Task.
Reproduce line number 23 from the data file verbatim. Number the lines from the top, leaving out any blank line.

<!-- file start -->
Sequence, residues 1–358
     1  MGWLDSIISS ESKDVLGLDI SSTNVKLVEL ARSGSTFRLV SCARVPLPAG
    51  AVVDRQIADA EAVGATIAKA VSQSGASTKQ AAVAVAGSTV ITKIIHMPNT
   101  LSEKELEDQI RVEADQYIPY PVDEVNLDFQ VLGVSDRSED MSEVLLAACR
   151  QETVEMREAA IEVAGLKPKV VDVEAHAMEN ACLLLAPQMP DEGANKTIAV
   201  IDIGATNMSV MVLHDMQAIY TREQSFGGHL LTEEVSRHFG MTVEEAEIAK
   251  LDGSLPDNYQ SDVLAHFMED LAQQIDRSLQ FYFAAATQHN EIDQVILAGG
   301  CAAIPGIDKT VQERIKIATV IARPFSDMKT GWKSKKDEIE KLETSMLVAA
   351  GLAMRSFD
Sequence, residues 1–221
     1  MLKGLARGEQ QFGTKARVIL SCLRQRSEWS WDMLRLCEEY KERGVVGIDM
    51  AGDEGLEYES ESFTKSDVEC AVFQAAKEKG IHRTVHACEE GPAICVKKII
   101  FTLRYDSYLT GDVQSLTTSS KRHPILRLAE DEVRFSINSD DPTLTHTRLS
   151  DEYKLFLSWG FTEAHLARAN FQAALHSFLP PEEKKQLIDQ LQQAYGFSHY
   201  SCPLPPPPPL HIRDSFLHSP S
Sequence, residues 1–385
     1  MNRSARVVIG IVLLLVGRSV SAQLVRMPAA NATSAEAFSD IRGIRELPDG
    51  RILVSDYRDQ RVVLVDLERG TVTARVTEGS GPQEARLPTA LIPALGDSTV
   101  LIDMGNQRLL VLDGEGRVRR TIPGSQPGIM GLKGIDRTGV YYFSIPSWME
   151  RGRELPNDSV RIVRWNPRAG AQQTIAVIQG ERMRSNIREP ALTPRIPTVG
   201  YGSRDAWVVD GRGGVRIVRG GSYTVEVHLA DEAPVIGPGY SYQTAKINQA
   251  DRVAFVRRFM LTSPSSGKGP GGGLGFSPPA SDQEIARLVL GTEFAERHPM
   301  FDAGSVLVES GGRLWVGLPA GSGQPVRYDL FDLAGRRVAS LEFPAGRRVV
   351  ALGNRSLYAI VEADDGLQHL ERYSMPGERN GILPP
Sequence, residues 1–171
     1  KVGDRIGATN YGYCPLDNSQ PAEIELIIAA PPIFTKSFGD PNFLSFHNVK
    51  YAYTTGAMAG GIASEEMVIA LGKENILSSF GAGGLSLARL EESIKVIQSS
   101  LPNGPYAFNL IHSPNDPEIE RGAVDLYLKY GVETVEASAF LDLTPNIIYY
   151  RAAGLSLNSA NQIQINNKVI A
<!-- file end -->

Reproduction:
   301  FDAGSVLVES GGRLWVGLPA GSGQPVRYDL FDLAGRRVAS LEFPAGRRVV